For 17 years, beginning in 1902, the "Roosevelt" Steamer extinguished fires all over Salt Lake City. Then, in 1919, the usefulness of the Steamer itself was extinguished.

But Saturday, for the first time in 77 years, water rushed through the hoses of the antique engine and put out a fire outside of the Union Pacific Station.The fire was part of an exhibition to go with the dedication of the restored engine. The restoration, sponsored by the Daughters of the Utah Pioneers and performed by the Bountiful Fire Department under the supervision of firefighter Brent Palmer, cost $125,000, not including the thousands of hours of labor volunteered by the firefighters.

"When we asked about restoration, they told us it would take seven years and Brent Palmer got it done in 2 1/2 (years)," said Louise Green, president of the Daughters of the Utah Pioneers.

Funding for the project came from state and county centennial grants and contributions from the Daughters of the Utah Pioneers.

For more than 50 years, the Roosevelt Steamer sat idle, while time took its toll. First, it was subjected to the elements and vandalism as it sat in Liberty Park. In 1958, the Tooele Army Depot Fire Department refurbished the engine but again placed it outside, and the engine continued to rust.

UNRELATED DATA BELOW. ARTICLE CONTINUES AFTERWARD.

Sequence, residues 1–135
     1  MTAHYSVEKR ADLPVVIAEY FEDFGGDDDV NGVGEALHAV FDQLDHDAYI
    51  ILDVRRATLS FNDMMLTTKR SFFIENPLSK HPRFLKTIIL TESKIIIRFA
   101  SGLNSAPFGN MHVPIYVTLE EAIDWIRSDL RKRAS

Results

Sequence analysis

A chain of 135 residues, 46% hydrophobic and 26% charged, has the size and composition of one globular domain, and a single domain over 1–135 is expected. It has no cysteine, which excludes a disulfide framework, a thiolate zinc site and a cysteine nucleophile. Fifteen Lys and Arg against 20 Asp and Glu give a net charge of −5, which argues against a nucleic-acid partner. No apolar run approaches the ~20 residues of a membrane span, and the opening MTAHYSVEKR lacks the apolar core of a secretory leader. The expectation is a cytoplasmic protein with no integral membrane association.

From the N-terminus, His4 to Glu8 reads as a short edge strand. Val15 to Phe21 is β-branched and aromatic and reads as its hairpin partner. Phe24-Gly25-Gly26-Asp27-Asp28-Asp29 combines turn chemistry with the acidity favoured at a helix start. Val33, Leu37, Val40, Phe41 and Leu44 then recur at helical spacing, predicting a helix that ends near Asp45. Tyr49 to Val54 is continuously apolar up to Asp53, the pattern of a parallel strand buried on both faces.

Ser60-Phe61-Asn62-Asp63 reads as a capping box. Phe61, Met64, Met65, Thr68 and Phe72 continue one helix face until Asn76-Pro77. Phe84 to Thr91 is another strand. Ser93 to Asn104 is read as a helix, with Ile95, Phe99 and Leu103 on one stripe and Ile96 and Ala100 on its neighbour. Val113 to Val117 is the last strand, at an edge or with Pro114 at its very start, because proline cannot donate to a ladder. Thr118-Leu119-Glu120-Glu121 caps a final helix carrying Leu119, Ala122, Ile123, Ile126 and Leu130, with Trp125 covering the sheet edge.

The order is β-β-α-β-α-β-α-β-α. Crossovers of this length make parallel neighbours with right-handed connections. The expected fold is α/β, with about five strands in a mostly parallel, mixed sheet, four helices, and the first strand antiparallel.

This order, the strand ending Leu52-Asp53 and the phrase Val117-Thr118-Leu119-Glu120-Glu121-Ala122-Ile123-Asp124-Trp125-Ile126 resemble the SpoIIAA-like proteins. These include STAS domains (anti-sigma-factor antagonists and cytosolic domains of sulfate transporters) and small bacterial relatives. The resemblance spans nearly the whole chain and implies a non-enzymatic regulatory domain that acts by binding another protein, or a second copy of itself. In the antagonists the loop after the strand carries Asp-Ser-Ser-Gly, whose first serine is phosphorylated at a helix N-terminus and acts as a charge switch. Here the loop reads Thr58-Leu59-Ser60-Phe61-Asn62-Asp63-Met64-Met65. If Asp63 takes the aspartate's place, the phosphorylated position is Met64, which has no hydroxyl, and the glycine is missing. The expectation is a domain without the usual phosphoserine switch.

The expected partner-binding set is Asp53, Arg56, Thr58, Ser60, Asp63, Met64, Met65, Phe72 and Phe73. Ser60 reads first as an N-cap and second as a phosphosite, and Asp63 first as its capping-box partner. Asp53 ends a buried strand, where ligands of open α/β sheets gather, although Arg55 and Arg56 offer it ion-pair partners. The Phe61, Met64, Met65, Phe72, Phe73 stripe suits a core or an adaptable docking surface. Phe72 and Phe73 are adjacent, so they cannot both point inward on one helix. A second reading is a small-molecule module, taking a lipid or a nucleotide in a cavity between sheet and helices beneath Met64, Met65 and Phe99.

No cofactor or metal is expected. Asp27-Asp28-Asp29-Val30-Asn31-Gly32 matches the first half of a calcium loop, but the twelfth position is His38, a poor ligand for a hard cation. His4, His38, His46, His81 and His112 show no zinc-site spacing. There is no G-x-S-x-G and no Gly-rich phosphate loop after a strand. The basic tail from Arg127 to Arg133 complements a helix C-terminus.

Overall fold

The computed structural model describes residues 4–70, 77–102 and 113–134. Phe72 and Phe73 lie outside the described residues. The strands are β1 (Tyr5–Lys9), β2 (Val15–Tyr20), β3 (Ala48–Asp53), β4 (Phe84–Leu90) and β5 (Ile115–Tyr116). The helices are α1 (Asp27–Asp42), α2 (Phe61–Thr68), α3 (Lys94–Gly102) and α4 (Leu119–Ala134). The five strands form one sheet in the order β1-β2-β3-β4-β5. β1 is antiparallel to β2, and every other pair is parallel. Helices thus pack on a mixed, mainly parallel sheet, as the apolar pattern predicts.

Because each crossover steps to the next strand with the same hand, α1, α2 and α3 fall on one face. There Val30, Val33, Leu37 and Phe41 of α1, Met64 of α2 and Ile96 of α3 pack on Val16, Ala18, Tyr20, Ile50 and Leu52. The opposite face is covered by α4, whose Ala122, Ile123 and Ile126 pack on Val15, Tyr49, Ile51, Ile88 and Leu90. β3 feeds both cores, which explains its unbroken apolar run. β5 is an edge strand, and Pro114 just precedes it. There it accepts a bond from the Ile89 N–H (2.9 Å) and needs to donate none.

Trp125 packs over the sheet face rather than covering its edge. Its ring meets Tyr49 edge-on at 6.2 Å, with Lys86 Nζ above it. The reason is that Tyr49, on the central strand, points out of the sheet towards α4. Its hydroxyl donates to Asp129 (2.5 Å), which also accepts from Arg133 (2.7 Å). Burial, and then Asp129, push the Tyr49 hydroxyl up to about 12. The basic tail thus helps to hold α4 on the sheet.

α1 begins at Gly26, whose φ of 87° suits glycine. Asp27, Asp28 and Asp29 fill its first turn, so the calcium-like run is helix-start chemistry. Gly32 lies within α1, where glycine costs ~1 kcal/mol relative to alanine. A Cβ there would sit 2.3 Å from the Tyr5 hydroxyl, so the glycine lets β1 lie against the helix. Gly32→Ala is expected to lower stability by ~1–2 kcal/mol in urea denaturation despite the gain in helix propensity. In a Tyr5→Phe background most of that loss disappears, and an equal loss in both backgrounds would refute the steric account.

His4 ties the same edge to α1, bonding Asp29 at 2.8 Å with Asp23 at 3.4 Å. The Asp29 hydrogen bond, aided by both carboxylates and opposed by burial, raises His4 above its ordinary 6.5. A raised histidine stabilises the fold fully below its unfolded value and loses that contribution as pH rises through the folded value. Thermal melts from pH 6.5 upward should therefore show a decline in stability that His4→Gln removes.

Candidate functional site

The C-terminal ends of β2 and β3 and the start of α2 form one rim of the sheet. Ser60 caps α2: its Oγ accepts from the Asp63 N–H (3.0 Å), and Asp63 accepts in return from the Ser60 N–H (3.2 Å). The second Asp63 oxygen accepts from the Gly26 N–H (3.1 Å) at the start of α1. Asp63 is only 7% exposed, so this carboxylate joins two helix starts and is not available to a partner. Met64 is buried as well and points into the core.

In 1972, the Daughters of the Utah Pioneers salvaged the engine headed for the scrapheap and placed it in the basement of their museum, where it was on display for another 20 years.

To remove the engine from the museum, it had to be disassembled, boxed up and transported to the Bountiful station. According to firefighter Ron Hatch, the engine was in 22,000 pieces when they finally had it laid out to be re-assembled.

"Brent spent many, many hours reading about it and studying it," Hatch said. "Twenty-four hours a day he spent working on it."

The result is a sparkling, chrome-covered engine with immaculate, gold-leaf detail on the red wheels and running boards. The engine performed flawlessly Saturday, after only two trial firings, neither of which used hoses.

"It was great. I was, to tell you the truth, real nervous about it . . . because I just didn't feel that comfortable with only two firings, but she was ready to go," Palmer said. He attributes the outcome to, "just a lot of hours, a lot of good help, and a lot of good volunteers."

The restoration will also be marked by a "muster" competition with a team from California who brought their 1877 Clapp and Jones Steam Engine. The competition begins at 9 a.m. today in front of the Union Pacific Building at 400 W. South Temple.

After the competition, the engine will be taken across the state before returning to the museum.

"It will be on the road, border to border, for the next two years," said Edith Menna, director of the museum. Meanwhile, the Daughters of the Utah Pioneers will build an addition to the museum to house the engine and other firefighting relics. The DUP hope to use the tour to raise money to open more than 60 museums across the state.